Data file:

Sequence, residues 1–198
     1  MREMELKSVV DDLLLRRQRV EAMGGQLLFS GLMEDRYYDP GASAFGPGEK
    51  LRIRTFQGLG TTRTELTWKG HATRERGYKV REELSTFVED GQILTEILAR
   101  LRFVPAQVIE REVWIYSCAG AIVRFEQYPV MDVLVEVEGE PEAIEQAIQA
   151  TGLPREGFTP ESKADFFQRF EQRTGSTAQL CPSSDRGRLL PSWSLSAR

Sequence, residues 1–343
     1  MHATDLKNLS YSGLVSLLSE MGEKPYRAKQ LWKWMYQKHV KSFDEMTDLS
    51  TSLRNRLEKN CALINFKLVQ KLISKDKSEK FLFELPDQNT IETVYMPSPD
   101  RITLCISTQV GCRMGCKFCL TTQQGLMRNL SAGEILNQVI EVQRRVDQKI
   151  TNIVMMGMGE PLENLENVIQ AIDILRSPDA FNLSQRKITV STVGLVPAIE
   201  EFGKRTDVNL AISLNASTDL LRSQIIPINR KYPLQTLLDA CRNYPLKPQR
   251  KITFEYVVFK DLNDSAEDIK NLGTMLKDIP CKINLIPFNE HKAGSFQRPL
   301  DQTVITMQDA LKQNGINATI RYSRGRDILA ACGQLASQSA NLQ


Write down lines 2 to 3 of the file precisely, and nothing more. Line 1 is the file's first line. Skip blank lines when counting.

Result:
     1  MREMELKSVV DDLLLRRQRV EAMGGQLLFS GLMEDRYYDP GASAFGPGEK
    51  LRIRTFQGLG TTRTELTWKG HATRERGYKV REELSTFVED GQILTEILAR